Full name John Brian Mortimore
Born May 14, 1933, Southmead, Bristol
Died February 13, 2014 (aged 80 years 275 days)
Major teams England, Gloucestershire
Batting style Right-hand bat
Bowling style Right-arm offbreak
|Test debut||Australia v England at Melbourne, Feb 13-18, 1959 scorecard|
|Last Test||England v Australia at Manchester, Jul 23-28, 1964 scorecard|
|First-class span||1950 - 1975|
|List A span||1963 - 1974|
John Mortimore was a lean and stately offspinner, who was a staple of the Gloucestershire side for a quarter of a century and also won nine England caps at the height of his prowess.
If he never entirely convinced at Test level, where he averaged 24 with the bat and 58 with the ball, his partnership with his fellow offspinner David Allen at Gloucestershire was acknowledged as one of the most respected double acts on the county circuit. Mortimore spun the ball less sharply than Allen but he possessed cunning and accuracy.
Mortimore's career highlight for Gloucestershire, his native county, was taking four wickets in five balls against Lancashire at the Cheltenham Festival in 1962. His first-class career spanned 26 seasons from 1950 to 1975 and he also captained Gloucester between 1965 and 1967. He took 100 or more wickets in a season three times, scored 1,000 runs or more in a season five times, and in 1959, 1963 and 1964 he did both in the one season: the coveted double.
But it was his part in one of county cricket's great folklore moments that will be remembered as fondly as anything. He was also bowling when Lancashire's David Hughes launched his famous twilight assault - 24 off an over - in the Gillette Cup semi-final of 1971 at Old Trafford. It was so dark that Hughes had wondered before his assault whether the light was adequate. "You can see the moon," responded the umpire Arthur Jepson. "How far do you want to see?"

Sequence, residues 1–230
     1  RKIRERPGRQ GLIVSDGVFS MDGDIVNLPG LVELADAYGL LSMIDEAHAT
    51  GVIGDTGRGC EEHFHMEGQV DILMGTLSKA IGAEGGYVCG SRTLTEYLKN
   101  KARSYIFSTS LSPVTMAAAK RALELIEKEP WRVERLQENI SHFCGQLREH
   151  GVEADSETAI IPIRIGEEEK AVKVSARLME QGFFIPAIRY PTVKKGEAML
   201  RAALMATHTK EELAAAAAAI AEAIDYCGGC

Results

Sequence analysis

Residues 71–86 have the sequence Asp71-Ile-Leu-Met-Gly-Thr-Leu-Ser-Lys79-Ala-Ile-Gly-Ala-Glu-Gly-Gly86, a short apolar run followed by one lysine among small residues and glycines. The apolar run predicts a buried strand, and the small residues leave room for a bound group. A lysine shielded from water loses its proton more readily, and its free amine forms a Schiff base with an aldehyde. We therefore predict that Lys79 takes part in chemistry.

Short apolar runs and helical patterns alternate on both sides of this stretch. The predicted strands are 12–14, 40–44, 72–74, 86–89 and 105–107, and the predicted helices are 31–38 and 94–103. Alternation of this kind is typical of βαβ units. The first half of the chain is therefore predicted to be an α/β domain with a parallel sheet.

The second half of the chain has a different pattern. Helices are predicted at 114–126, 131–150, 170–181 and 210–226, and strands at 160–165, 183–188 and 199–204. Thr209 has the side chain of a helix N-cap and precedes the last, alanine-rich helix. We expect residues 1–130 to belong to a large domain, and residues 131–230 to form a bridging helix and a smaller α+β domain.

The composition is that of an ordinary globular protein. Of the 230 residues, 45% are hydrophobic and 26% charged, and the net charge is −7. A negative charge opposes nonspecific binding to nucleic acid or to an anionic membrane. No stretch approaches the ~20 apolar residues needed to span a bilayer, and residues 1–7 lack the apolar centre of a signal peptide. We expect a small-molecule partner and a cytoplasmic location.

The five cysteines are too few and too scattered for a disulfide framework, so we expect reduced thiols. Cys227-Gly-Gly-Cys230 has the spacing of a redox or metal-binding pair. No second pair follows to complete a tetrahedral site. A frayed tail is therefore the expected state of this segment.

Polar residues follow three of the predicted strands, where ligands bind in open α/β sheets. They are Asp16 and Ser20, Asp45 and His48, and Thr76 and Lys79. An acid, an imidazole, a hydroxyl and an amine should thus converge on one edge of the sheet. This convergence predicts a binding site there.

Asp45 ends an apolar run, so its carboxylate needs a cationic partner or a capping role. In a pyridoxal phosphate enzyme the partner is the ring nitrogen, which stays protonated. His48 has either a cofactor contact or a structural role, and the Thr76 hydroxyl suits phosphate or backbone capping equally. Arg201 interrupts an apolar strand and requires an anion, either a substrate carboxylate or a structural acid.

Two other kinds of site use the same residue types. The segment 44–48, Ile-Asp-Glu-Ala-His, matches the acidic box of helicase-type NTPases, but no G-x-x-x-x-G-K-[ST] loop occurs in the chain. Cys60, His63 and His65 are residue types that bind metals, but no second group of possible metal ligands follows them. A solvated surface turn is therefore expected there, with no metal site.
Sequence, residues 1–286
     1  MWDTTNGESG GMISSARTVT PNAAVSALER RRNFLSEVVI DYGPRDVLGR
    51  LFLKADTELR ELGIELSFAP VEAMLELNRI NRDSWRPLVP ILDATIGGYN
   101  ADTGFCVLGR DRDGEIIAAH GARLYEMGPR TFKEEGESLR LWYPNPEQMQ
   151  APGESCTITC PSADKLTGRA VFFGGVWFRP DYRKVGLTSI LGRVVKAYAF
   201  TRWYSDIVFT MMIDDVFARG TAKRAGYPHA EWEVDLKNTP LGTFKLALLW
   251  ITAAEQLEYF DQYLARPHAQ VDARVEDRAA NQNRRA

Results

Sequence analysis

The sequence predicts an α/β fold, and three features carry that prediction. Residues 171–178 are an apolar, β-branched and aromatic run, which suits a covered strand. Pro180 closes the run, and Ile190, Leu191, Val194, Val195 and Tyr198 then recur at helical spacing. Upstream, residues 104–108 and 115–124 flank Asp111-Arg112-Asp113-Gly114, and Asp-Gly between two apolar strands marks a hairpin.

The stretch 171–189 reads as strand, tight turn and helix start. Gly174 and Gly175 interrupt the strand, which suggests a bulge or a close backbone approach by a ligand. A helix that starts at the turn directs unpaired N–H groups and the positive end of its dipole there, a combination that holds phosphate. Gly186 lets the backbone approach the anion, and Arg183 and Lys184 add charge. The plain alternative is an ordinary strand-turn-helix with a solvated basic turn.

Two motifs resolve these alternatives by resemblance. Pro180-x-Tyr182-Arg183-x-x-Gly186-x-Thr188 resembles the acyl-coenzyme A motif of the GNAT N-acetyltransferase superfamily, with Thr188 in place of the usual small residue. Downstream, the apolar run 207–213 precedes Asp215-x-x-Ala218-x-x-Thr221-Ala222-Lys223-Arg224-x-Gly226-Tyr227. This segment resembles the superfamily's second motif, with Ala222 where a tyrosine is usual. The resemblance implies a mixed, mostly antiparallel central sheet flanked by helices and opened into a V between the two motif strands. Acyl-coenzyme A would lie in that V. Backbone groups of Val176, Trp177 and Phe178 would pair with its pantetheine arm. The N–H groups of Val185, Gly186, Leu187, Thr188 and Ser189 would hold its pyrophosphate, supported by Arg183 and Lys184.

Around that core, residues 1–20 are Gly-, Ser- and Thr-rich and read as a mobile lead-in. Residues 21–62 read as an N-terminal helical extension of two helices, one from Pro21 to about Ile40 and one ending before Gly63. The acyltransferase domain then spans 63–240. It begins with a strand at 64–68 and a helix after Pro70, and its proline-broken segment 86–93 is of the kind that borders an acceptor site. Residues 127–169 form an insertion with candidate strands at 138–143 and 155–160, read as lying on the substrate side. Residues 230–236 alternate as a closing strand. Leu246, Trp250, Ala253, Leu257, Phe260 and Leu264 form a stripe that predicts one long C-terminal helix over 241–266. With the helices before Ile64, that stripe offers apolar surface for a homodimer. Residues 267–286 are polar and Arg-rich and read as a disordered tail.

The first of Mortimore's nine Test appearances came when he was sent out as a replacement for Peter May's struggling team in the 1958-59 Ashes series. He topped the batting averages, somewhat freakishly, by virtue of being dismissed only once in the series. It was a productive time for England offspinners and the presence of the likes of Raymond Illingworth, Fred Titmus and Allen, all of whom were stronger batsmen, meant that his call ups were irregular.
Mortimore toured India in 1963-64, playing three Tests in a notoriously slow-scoring series. In the fifth Test at Kanpur, on the deadest of surfaces, he endured a marathon stint of 72 overs and returned remarkable figures of 1 for 67.
He had the misfortune to be brought into the England side on another batsman-friendly surface when England met Auastralia in the Old Trafford Test in 1964. Only 18 wickets fell for 1271 runs and Mortimore, among those wicketless, never played Test cricket again.
His highest score came against Nottinghamshire at Nottingham in 1963, when he scored 149, "a brilliant maiden Championship century by Mortimore in two hours twenty minutes", according to Wisden.
Stats highlights from the fourth day in Ranchi, where Cheteshwar Pujara batted for ages and the Australians toiled like they haven't had to in many years
For the third time this home season, the team took the lead after its opposition put up 400 batting first but the Ranchi effort was special
Also, which players have the most half-centuries without ever having made a hundred?
South Africa are set to play 14 Tests in nine months soon, so both fast bowlers, despite being sent home from New Zealand, should not lose hope
This Bangladesh are crazy if they think they can beat Sri Lanka in their own den. Right?
Under duress again, Shakib Al Hasan and Mushfiqur Rahim forged a match-winning partnership and contributed in the second innings to help Bangladesh create history